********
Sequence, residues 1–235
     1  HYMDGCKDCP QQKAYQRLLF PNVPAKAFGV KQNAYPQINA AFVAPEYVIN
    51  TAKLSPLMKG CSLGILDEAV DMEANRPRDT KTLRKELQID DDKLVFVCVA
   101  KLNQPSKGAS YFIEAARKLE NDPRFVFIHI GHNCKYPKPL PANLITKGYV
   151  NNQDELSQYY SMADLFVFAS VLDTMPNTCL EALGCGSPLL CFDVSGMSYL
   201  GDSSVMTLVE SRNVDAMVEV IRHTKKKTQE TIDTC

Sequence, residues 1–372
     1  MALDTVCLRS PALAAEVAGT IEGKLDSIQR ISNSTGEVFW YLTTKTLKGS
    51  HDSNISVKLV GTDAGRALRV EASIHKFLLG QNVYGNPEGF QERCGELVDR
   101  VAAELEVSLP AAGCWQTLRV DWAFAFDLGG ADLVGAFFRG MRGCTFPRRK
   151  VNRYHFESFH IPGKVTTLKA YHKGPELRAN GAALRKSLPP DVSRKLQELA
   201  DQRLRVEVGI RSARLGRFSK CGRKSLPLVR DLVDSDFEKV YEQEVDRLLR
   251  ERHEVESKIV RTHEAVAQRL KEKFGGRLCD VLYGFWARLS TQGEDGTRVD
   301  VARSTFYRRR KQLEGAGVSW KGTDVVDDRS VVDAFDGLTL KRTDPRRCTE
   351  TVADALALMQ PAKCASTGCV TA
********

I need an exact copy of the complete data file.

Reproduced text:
Sequence, residues 1–235
     1  HYMDGCKDCP QQKAYQRLLF PNVPAKAFGV KQNAYPQINA AFVAPEYVIN
    51  TAKLSPLMKG CSLGILDEAV DMEANRPRDT KTLRKELQID DDKLVFVCVA
   101  KLNQPSKGAS YFIEAARKLE NDPRFVFIHI GHNCKYPKPL PANLITKGYV
   151  NNQDELSQYY SMADLFVFAS VLDTMPNTCL EALGCGSPLL CFDVSGMSYL
   201  GDSSVMTLVE SRNVDAMVEV IRHTKKKTQE TIDTC

Sequence, residues 1–372
     1  MALDTVCLRS PALAAEVAGT IEGKLDSIQR ISNSTGEVFW YLTTKTLKGS
    51  HDSNISVKLV GTDAGRALRV EASIHKFLLG QNVYGNPEGF QERCGELVDR
   101  VAAELEVSLP AAGCWQTLRV DWAFAFDLGG ADLVGAFFRG MRGCTFPRRK
   151  VNRYHFESFH IPGKVTTLKA YHKGPELRAN GAALRKSLPP DVSRKLQELA
   201  DQRLRVEVGI RSARLGRFSK CGRKSLPLVR DLVDSDFEKV YEQEVDRLLR
   251  ERHEVESKIV RTHEAVAQRL KEKFGGRLCD VLYGFWARLS TQGEDGTRVD
   301  VARSTFYRRR KQLEGAGVSW KGTDVVDDRS VVDAFDGLTL KRTDPRRCTE
   351  TVADALALMQ PAKCASTGCV TA